Ernest Lawson, Garden Landscape, ca. 1915, oil on canvas, 20 x 24″. Public domain, via Wikimedia Commons.
Ma thought it was a good idea. That we work together in the garden. But it wasn’t a garden then, just a long rectangle of funky-smelling earth behind a two-story apartment house in the Flatbush section of Brooklyn. An elderly couple named Mr. and Mrs. Schwartz owned the house and backyard. This was in the early seventies, and already the Jews were moving out. I was ten or twelve the summer we worked in the earth. The Schwartzes lived downstairs from us in that house, and on Fridays their apartment went semidark because of the Sabbath. What a beautiful word for something I didn’t know anything about. Then, one day, I saw the tattooed numbers on Mrs. Schwartz’s arm and in a flash everything I’d learned in school flooded my mind and heart: all those bodies laid to waste, gold teeth extracted and made into something else, the gas chambers and the musicians who played as the walking dead stood naked, hoping for water, hoping to be cleaned.
And there was more. There is always more pain and beauty. Recently, a friend told me about the gardens Jews kept for Nazi families who wanted something beautiful to look at while they smelled death at work, had schnapps and what all outside, the condemned Jews not lifting their heads as they worked the earth and tended flowers, such beautiful living organisms thriving on a plantation where murder was grown and harvested. And I think of Mrs. Schwartz now as I think about the earth behind our house—her house—and the numbers blooming on her arm like flowers. I never got to ask her how old she was when she was marked like that, and did she remember or see barbed wire fencing the condemned in like the wiring around flower beds and vegetable beds our innocent neighbors used to keep predators out? Nor did I get to say to her, even as those numbers on her arm blossom and die in my memory, What is it about flowers that no matter where they’re grown—in death camps or by the sea, in private homes or on the border of war zones—why is it they keep on flowering while insisting on their right to inspire feelings in us that we can barely know, or articulate in all our truth and terribleness?
When I think about the Schwartzes, I think about their building, our home, and I think about the steep staircase leading up from the street to our apartment, and the long shape of our apartment itself, and the fact that we lived next door to a gas station where fumes bloomed. This is the only apartment I have vivid memories of—we moved a fair amount when I was a kid—and part of what I remember about it is the garden or, more accurately, how the garden came to be.
It wasn’t anything but overly fertilized rust-colored dirt when Ma said she thought something could grow there. She was always trying to make a family, and to make that family grow. But there was so much bad earth. Our father didn’t live with us; for most of the time I knew him, he lived with his mother, in Crown Heights, a bus ride away. It had always been this way. My parents visited, and on weekends out my father took me and my little brother on long walks around the city. We saw the beautiful consumerist goods on Madison Avenue, and, in the Village, heard women catcalling to passersby from the Women’s House of Detention. Rainy days in Chinatown, and some snowy days at the Guggenheim Museum, or looking at the precipitation falling on the stone lions at the New York Public Library. And then there was my father’s hand, or, more accurately, certainly from an emotional point of view, my hand in his tougher rougher bigger hand and it was the best foreign feeling in the world: I knew his hand but not him, and even now that feels like defeat, my remembering the pleasure of my hand in his, and all that I wanted from him that wasn’t forthcoming. My dreams of him were always tied up with things ending—at the end of our Saturdays together, he took a gypsy cab home—and so with a kind of death. On some level I must have wanted him to stay even though I couldn’t stand him, or stand him leaving. In any case, I can’t believe these memories continue to make me vulnerable to him, the way flowers are to our human hands—cut them or leave them alone? Water them or let nature take care of them? The flowers are vulnerable to us!—and remind me that all I want to do is find my father again, but in a better person, a he who will protect me from the original father who maybe taught us how to cultivate flowers, but certainly not how to find soul-nourishing love when it’s needed, which is always.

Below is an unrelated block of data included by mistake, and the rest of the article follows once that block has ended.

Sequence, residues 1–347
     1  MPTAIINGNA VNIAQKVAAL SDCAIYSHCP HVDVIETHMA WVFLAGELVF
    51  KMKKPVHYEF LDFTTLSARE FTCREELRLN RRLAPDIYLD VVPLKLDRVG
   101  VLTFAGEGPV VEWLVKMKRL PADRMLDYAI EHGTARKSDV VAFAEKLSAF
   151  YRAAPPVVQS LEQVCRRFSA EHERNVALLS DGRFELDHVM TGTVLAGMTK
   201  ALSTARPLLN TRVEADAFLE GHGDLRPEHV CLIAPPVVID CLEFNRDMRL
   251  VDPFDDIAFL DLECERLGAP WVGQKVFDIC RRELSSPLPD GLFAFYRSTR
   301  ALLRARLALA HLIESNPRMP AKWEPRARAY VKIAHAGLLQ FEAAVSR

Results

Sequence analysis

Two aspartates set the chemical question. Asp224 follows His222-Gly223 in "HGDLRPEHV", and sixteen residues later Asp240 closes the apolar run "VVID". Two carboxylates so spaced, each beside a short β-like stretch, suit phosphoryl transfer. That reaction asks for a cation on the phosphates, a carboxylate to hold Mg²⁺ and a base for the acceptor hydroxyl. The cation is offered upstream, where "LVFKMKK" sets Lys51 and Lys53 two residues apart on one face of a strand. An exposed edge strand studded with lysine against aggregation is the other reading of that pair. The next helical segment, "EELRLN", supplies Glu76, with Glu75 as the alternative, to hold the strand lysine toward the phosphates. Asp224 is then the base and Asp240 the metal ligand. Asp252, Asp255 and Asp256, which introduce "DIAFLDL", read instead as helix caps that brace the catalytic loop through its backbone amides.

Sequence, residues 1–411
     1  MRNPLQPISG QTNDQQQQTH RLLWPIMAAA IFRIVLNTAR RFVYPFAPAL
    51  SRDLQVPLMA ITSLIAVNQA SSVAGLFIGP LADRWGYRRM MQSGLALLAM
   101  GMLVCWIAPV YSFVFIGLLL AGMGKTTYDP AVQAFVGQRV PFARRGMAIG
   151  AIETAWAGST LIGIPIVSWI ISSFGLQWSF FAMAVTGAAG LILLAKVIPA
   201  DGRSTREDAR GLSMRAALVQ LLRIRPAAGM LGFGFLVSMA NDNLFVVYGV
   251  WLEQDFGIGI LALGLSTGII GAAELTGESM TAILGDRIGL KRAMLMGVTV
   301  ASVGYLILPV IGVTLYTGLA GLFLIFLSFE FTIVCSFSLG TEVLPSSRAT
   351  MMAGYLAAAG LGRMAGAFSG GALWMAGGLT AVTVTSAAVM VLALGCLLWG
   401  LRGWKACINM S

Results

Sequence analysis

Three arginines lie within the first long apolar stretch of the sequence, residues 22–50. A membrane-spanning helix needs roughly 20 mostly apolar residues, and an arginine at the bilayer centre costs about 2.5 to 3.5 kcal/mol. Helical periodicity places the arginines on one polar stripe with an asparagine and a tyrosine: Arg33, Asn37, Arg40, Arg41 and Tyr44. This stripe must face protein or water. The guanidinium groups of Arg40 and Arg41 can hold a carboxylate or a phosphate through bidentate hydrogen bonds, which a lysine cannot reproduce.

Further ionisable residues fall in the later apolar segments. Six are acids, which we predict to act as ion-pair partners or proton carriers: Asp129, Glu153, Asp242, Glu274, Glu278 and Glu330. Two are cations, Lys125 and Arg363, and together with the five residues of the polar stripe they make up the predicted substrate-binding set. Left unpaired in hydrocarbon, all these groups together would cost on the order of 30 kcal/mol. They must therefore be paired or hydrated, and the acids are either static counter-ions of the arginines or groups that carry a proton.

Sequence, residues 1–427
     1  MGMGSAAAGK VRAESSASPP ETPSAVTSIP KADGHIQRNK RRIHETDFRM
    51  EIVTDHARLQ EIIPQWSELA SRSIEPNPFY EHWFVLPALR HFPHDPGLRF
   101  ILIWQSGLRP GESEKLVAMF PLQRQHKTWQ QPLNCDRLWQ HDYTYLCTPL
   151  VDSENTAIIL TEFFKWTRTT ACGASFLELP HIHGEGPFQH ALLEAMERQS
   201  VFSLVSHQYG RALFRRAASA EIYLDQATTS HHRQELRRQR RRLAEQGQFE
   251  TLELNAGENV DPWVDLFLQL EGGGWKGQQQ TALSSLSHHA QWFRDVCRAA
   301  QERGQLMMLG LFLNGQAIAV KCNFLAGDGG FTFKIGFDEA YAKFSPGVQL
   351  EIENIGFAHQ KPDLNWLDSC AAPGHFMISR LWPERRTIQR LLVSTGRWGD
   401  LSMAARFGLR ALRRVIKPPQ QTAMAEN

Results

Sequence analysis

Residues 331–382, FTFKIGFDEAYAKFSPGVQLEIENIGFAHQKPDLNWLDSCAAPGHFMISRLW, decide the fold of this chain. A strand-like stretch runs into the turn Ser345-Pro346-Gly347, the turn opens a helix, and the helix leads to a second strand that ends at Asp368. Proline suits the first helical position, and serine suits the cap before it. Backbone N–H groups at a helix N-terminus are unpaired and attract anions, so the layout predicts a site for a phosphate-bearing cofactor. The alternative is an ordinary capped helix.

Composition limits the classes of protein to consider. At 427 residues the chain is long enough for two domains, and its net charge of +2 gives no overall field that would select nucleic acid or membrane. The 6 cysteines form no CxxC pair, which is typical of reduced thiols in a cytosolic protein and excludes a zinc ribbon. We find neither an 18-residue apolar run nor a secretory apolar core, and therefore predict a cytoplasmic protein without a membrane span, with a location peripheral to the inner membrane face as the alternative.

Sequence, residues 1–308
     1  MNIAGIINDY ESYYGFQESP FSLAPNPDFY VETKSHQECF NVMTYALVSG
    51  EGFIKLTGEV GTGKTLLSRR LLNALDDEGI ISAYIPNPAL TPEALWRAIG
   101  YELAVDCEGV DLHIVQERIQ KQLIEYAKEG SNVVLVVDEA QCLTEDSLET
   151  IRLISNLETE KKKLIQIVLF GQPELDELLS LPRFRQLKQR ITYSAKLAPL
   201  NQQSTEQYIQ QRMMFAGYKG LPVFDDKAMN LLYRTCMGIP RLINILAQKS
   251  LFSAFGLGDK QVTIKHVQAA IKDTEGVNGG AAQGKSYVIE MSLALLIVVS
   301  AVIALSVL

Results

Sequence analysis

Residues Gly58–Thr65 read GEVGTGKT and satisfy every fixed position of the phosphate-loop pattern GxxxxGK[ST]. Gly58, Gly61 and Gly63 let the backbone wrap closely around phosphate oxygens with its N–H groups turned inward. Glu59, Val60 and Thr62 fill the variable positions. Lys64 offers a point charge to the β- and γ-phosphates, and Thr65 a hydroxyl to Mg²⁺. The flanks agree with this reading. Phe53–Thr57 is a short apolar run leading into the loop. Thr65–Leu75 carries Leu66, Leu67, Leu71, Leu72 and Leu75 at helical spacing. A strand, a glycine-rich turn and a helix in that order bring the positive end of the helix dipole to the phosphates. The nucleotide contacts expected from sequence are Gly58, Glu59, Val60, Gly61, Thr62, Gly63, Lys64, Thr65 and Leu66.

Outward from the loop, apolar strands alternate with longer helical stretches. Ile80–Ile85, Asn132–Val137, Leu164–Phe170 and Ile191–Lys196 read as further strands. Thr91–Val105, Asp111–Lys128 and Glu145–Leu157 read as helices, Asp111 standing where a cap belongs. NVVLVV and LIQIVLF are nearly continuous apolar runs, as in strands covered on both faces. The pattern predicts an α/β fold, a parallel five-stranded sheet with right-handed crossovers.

I don’t remember when my mother suggested growing flowers. But for sure her impulse was in part inspired by her desire to keep looking for activities that prompted and encouraged our father to be a father to his sons. That was part of what mediocre therapists might call their dynamic—her hope and his pulling back, her cajoling him and telling him what he must do, and him doing it sometimes, but always grudgingly. Daddy was Ma’s only real baby, or the only one who was allowed to be a baby. I remember her saying she would ask the Schwartzes about the land, and I remember my father standing with me at the Schwartzes’ door soon thereafter, and the deeply kind Mr. Schwartz telling my father that the dirt back there had been overly fertilized by someone a long time before, and it had been left untended after that. In my memory or my imagination, which is usually the same thing, my father says to Mr. Schwartz, I’ll take care of it. Or perhaps it was my mother who asked the Schwartzes about the ground, then decided we would make the best of it. Because that’s what she always did. And maybe what I wanted my father to do.